Newspaper article The Christian Science Monitor

Using DNA to Unravel a 2,500-Year Persian Riddle

Newspaper article The Christian Science Monitor

Using DNA to Unravel a 2,500-Year Persian Riddle

Article excerpt

A shiver of excitement rippled through the team of Egyptian oil prospectors when they chanced upon human bones, daggers, and arrowheads scattered across the shifting sand dunes. But it was nothing compared with what Egyptologists felt when they learned of the discovery.

What set hearts thumping was not so much the relics of ancient warfare, which are common in Egypt. It was their location not far from the Siwa oasis near the Libyan border that raised hopes of unravelling an ancient mystery that has baffled scholars.

It was in this area that a powerful Persian army of 50,000 men was said to have vanished without a trace in 523 BC. The desert strike force was dispatched by the "mad" Persian King Cambyses II, the son of Cyrus the Great, to sack a sacred oracle in Siwa that had prophesied his downfall. His men were engulfed by a cataclysmic sandstorm in the vast desert before reaching their destination, according to Herodotus, the celebrated 5th-century BC Greek historian who portrayed Cambyses as mad, bad, and dangerous.

Several attempts in the past century to find any evidence of the hapless warriors ended in failure, and some historians suspected Herodotus fabricated the tale.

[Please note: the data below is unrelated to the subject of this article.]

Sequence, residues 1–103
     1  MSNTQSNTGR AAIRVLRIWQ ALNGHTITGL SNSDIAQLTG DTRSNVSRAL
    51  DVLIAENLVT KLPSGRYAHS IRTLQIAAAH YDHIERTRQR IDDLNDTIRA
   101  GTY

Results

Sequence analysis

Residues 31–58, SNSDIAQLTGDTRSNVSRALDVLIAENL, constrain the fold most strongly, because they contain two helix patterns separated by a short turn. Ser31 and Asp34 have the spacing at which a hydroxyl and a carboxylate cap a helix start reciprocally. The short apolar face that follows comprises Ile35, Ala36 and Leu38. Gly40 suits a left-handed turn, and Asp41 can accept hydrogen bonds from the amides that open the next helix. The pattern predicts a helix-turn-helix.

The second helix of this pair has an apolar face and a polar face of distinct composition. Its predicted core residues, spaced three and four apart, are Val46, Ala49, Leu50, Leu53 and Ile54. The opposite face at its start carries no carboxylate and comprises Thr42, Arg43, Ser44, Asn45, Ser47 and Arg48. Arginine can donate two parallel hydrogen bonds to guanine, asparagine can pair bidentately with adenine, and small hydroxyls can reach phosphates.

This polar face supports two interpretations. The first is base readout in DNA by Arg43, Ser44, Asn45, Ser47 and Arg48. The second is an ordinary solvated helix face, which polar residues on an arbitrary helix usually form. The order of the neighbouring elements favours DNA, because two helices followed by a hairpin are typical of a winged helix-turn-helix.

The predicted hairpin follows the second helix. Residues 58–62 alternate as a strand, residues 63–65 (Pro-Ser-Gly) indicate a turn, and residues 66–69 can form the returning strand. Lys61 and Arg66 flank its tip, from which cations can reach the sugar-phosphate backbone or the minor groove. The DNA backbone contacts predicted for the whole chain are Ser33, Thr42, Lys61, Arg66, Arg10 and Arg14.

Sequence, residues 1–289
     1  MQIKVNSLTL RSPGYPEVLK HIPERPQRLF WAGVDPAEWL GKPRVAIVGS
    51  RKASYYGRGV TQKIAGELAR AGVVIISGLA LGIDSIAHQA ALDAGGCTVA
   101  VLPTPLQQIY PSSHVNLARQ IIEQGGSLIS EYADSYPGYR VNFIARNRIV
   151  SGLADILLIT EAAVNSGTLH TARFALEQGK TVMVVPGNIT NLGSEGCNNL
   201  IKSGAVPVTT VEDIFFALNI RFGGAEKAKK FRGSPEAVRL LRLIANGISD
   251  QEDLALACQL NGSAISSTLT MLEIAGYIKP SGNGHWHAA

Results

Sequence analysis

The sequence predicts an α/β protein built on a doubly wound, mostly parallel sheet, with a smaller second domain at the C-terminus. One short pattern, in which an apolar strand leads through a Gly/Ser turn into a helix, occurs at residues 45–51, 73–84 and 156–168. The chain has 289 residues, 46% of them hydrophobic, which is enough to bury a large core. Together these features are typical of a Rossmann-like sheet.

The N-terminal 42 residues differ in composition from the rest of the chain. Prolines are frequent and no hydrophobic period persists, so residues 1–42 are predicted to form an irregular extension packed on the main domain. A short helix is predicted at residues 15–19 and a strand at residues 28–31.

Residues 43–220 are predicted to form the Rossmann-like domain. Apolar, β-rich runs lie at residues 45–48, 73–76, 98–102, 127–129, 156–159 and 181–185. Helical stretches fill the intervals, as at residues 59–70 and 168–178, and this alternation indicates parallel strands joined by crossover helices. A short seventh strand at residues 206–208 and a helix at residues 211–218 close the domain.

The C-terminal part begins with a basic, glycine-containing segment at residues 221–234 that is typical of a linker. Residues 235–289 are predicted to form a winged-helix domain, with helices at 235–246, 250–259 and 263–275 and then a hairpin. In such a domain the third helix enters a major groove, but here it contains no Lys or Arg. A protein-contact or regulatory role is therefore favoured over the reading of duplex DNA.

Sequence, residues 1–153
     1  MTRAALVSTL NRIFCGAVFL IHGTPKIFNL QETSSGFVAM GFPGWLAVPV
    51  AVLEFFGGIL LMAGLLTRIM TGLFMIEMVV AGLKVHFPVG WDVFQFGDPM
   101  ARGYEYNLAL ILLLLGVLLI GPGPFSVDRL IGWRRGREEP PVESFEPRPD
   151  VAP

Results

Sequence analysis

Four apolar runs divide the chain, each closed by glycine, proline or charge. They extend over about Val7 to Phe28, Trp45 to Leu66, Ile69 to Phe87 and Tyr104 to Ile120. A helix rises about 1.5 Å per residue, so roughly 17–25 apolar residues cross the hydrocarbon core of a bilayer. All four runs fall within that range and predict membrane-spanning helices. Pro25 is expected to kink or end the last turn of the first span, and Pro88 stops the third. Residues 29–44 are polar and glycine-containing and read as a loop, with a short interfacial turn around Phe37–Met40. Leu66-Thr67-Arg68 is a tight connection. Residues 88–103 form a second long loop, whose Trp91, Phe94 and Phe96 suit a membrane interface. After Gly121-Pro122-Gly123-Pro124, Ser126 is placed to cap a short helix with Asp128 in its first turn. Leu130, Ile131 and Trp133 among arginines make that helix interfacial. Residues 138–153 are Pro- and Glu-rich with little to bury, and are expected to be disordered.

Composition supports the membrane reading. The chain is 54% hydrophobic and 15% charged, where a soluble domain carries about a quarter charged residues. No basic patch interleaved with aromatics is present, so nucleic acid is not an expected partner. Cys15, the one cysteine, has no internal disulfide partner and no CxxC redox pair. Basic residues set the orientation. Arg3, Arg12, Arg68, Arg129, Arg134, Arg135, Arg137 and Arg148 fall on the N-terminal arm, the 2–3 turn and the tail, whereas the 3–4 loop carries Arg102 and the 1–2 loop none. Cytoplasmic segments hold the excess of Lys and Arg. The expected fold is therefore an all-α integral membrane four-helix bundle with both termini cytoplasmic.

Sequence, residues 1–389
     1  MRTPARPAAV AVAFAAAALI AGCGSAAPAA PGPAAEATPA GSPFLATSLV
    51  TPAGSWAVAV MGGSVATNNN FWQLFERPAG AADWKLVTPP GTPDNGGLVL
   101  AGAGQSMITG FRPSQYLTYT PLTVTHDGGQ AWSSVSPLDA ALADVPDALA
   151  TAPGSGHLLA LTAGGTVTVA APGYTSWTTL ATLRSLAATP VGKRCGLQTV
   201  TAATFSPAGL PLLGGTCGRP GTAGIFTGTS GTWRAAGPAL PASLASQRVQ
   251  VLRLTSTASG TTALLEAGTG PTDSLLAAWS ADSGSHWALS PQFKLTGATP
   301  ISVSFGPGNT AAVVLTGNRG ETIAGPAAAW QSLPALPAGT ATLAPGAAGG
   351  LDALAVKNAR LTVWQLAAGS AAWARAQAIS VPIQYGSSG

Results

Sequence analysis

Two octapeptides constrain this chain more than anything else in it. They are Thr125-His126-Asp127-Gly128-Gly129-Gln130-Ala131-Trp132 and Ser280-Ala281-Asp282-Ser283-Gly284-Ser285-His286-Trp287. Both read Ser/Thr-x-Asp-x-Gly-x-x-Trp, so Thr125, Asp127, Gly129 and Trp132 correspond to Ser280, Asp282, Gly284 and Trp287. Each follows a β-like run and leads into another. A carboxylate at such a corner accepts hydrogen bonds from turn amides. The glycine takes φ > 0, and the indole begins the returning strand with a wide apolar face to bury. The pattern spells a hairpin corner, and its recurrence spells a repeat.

Now, four years after the finds, a new quest into the inhospitable western desert could finally solve the ancient riddle.

An Egyptian expedition including archaeologists, geophysicists, and other scientists is to survey the area this month using satellite technology while the bones will be sampled for DNA testing.

The mission will be led by Dr. Mohamed el-Saghir of the Supreme Council of Antiquities in Cairo, who believes the long-lost warriors may lie beneath the Saharan sands. "I think we will find Cambyses' army," he says.

After sacking the Temple of Amon in Siwa, later made famous by a visit of Alexander the Great in 332 BC and which still exists on a hilltop there today, Cambyses' men were to have attacked the Libyans and reduced them to slavery, according to Herodotus. …

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